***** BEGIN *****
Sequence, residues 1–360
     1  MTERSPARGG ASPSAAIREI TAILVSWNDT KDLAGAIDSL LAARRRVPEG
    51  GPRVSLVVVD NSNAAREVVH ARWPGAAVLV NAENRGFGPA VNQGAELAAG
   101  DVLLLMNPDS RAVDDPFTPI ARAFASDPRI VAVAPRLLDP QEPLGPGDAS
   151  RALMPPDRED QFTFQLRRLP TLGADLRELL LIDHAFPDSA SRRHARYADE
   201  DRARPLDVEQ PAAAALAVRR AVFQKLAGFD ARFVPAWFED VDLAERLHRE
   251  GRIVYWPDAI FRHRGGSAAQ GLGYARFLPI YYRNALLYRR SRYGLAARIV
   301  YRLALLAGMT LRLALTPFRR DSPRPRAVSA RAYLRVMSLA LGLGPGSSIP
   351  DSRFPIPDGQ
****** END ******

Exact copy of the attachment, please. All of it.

Sequence, residues 1–360
     1  MTERSPARGG ASPSAAIREI TAILVSWNDT KDLAGAIDSL LAARRRVPEG
    51  GPRVSLVVVD NSNAAREVVH ARWPGAAVLV NAENRGFGPA VNQGAELAAG
   101  DVLLLMNPDS RAVDDPFTPI ARAFASDPRI VAVAPRLLDP QEPLGPGDAS
   151  RALMPPDRED QFTFQLRRLP TLGADLRELL LIDHAFPDSA SRRHARYADE
   201  DRARPLDVEQ PAAAALAVRR AVFQKLAGFD ARFVPAWFED VDLAERLHRE
   251  GRIVYWPDAI FRHRGGSAAQ GLGYARFLPI YYRNALLYRR SRYGLAARIV
   301  YRLALLAGMT LRLALTPFRR DSPRPRAVSA RAYLRVMSLA LGLGPGSSIP
   351  DSRFPIPDGQ